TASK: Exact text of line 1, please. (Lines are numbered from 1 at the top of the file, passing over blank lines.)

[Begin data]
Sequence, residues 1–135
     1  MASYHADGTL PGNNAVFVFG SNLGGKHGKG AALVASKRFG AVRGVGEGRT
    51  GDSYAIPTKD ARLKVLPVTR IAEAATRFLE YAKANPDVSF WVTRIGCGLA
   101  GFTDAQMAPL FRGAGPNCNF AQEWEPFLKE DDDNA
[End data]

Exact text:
Sequence, residues 1–135